Figure 1 Childs drawing of a scene from TimezAttack

Lesson 2: Young children find it difficult to translate between the formal system of mathematics and the quantities, operations and concepts it represents
Given that preschool children can already reason coherently about number, Hughes [22] investigated why young children find school arithmetic so difficult. He attributes the problem to the formal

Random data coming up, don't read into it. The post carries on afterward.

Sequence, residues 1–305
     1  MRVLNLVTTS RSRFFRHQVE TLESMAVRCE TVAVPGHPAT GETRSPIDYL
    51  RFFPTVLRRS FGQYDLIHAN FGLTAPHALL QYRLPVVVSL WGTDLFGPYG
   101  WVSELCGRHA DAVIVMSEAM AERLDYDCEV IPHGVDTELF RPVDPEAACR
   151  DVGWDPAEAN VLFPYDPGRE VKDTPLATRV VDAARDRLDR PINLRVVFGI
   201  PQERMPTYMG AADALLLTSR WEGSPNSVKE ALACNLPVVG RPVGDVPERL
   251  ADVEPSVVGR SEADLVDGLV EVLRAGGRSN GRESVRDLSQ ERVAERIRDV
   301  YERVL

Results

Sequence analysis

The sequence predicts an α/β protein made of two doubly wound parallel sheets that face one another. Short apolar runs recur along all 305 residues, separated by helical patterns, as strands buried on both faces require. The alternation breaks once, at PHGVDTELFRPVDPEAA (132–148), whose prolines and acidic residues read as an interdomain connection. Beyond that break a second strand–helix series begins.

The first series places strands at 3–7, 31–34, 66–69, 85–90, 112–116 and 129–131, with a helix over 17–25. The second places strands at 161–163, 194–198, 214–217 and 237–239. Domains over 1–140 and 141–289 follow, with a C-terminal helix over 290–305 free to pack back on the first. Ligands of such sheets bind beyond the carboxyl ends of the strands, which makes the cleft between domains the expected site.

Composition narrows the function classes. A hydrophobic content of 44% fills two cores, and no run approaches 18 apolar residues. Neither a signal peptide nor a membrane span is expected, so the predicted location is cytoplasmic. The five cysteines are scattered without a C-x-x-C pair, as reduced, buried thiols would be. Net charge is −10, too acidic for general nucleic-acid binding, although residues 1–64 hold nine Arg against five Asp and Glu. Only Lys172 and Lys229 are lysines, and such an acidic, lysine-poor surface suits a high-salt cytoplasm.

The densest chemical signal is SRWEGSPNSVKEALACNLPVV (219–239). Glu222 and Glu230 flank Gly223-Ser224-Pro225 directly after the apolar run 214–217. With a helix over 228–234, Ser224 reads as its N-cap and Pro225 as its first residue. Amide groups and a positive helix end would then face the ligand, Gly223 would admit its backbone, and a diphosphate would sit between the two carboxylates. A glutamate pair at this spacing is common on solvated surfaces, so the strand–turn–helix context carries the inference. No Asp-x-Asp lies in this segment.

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code of arithmetic system which is like a foreign language to young children. In order to use this symbol system they need to translate from the symbols to the concepts they already have. Young children can answer a question such as how many is two lollipops and one more? correctly, but when asked what does one and two make? they do not interpret it as what does one object and two objects make. There lacks a connection between our number words and the numbers that they represent [22]. Children learn number words while they are still learning their language and have to distinguish the number words from hundreds of other words. The language they are brought up with and the way numbers are used by the people around them will therefore influence their perception of number [14]. Hughes refers to an early Indian system where the word for one means moon, that for two means eyes, and so on. It may be that children would find it easier to do simple arithmetic with number words of which the meaning are in some way connected to the numbers they represent. To aggravate this problem for English-speaking children, two sounds like to, four sounds like for and the word one is used as a number or a pronoun. Other examples of words that may be confusing are table, odd, even and volume. When presenting such terms to children, designers must make sure that the children attach the correct meaning to the word [14]. In accordance with Hughes theory, Griffin [20] views mathematics as comprising of three worlds, namely the world of real quantities that exist in space and time, the world of spoken counting numbers and the world of formal symbols that consists of numerals and operation signs. Competence in mathematics depends fundamentally on the development of relationships among these worlds, and thus, the ability to translate between concrete situations and formal code [20]. In most countries children start formal schooling at the age of five or six and are then first introduced to written arithmetical symbolism [22]. Generally they use workbooks to learn arithmetic and have to complete sums such as 2 + 4 = ? and 5 - 2 = ?. Hughes and colleagues conducted an experiment to determine how natural it is for children to write down numbers and sums in this form [22]. When asked to write down the number of objects (e.g. bricks) displayed to them, only 38% of children from five to seven used conventional numerals. 45% drew the required number of objects, others used vertical strokes or blob-like shapes and some drew the appropriate number of some object (other than the one displayed). When asked to write down a simple subtraction or addition sum (e.g. suppose we have ten bricks and take away five), 69% of the children represented only the final number of objects. Only eleven of seventy-two children could differentiate between addition and subtraction and only four of these did it in a way that could be understood by others. One wrote took a away and add 3, one superimposed the added bricks on the others, one drew a hand adding bricks and one drew dashes through the bricks that had to be removed. Not one child used the conventional + and signs to represent the operations despite the fact that they were using these regularly in their workbooks. These findings suggest that many children do not realise that the symbols they use in their workbooks can be used to represent quantities of real objects or the operations on these quantities.